- University of Pennsylvania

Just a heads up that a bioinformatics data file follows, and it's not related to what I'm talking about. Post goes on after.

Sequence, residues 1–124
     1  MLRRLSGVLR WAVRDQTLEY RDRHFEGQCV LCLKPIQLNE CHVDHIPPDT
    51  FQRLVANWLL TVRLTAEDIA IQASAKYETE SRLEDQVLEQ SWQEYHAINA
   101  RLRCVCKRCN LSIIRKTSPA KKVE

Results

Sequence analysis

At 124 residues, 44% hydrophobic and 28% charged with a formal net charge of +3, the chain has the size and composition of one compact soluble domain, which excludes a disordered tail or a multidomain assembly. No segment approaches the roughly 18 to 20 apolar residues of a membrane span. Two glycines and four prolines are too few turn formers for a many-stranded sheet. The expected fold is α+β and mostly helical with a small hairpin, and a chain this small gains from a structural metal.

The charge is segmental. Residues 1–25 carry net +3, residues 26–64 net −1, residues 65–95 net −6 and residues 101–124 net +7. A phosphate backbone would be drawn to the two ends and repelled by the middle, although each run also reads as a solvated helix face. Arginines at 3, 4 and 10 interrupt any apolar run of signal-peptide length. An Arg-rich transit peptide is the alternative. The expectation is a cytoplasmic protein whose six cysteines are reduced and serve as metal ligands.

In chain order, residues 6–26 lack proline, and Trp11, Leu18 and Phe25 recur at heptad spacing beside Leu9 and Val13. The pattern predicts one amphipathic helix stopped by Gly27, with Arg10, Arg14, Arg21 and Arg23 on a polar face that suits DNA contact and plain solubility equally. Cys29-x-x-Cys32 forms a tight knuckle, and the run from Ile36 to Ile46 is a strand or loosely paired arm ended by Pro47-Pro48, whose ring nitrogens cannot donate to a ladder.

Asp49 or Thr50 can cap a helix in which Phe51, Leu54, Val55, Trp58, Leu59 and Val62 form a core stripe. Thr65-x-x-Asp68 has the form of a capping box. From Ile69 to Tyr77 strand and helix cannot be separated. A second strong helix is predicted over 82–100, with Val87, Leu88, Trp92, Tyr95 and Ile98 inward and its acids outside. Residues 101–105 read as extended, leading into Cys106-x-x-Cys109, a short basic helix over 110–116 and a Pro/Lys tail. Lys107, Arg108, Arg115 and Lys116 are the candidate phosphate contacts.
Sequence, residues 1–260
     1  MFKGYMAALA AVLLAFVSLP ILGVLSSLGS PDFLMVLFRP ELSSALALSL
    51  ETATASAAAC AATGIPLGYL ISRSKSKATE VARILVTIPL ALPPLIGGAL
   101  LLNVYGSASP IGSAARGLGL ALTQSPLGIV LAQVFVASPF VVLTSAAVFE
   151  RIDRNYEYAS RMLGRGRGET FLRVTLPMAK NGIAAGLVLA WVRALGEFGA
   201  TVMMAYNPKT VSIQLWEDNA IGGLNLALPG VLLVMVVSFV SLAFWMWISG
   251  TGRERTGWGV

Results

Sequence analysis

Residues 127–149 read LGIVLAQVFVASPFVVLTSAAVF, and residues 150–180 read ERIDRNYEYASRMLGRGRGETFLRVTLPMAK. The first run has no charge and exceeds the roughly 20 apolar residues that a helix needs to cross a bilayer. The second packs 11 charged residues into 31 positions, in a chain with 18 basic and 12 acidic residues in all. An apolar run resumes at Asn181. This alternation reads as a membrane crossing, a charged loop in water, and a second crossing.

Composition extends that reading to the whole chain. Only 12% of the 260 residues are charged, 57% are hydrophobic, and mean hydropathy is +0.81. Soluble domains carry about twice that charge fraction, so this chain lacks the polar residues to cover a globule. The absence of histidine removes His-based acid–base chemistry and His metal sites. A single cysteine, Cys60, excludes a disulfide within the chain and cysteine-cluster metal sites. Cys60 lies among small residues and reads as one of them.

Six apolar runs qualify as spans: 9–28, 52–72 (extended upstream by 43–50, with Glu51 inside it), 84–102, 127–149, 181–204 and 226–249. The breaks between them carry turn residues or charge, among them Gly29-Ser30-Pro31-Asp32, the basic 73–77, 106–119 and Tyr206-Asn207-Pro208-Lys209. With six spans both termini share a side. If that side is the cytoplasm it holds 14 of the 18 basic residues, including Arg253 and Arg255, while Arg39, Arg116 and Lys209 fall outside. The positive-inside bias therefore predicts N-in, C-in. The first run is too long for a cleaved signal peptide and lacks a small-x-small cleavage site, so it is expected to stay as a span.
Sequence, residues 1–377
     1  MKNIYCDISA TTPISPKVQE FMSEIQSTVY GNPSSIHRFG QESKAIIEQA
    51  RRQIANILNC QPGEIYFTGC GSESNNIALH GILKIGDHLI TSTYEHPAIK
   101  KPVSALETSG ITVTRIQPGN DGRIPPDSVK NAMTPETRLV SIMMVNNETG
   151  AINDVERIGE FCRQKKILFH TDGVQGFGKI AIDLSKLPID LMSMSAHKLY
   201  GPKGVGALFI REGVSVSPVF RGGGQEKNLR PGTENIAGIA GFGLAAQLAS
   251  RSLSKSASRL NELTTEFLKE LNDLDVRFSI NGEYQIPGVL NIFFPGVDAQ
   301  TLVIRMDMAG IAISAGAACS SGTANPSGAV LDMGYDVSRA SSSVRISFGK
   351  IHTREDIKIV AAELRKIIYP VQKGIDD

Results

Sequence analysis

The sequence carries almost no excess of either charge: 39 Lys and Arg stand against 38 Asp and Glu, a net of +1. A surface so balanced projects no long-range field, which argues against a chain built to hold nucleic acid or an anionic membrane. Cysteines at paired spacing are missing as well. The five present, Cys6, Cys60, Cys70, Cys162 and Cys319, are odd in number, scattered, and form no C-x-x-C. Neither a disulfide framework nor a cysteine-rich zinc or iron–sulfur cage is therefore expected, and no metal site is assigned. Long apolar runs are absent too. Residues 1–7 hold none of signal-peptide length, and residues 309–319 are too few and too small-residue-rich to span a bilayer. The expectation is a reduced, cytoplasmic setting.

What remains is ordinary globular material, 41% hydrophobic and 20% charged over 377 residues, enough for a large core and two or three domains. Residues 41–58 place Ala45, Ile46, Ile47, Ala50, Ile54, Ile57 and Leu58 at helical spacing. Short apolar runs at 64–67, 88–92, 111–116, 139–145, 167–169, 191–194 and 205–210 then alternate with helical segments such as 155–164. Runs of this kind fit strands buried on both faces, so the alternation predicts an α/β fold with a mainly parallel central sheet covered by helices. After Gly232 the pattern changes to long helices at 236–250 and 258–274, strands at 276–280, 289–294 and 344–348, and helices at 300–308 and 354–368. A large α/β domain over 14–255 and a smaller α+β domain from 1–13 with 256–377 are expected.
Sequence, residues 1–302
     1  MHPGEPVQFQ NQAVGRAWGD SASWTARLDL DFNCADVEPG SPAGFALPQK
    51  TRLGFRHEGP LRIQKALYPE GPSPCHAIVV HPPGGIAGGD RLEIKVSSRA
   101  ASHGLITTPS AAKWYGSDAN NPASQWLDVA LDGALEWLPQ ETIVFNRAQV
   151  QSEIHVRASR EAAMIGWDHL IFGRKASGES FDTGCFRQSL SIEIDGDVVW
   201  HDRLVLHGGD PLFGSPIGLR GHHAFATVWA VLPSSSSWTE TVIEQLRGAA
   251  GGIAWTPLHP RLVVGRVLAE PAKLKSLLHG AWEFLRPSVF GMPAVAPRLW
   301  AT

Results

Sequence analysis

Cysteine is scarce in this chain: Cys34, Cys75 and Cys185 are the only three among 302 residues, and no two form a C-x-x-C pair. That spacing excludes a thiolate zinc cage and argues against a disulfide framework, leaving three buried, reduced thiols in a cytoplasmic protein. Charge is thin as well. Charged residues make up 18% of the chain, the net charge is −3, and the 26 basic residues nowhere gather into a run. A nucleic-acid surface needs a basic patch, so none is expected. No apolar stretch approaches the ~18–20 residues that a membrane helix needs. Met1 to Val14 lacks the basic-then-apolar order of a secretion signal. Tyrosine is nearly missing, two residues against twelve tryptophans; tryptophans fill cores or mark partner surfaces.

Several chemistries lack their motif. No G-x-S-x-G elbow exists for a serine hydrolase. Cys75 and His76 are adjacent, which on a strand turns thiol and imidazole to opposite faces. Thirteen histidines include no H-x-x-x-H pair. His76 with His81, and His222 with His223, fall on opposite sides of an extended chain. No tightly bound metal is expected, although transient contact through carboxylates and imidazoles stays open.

When the Cold War ended in 1989, its journalistic mindset went underground, shaping coverage of many difficult public events since. This project tracks the emergence and maintenance of Cold War mindedness in US journalism during the war’s formative years, from 1947 to 1952. Tracing its reflection in the words and images of coverage, it demonstrates how journalists’ reliance on three interrelated suppositions—that dichotomous enmity between the United States and the Soviet Union deserved to be upheld; that war did not have to be seen to be believed; and that media reach indicated US impact on those under communism—shaped understandings of the war. This project also shows how Cold War mindedness continues to fuel coverage of current events, including the emergence of populism, the so-called War on Terror, and globalization.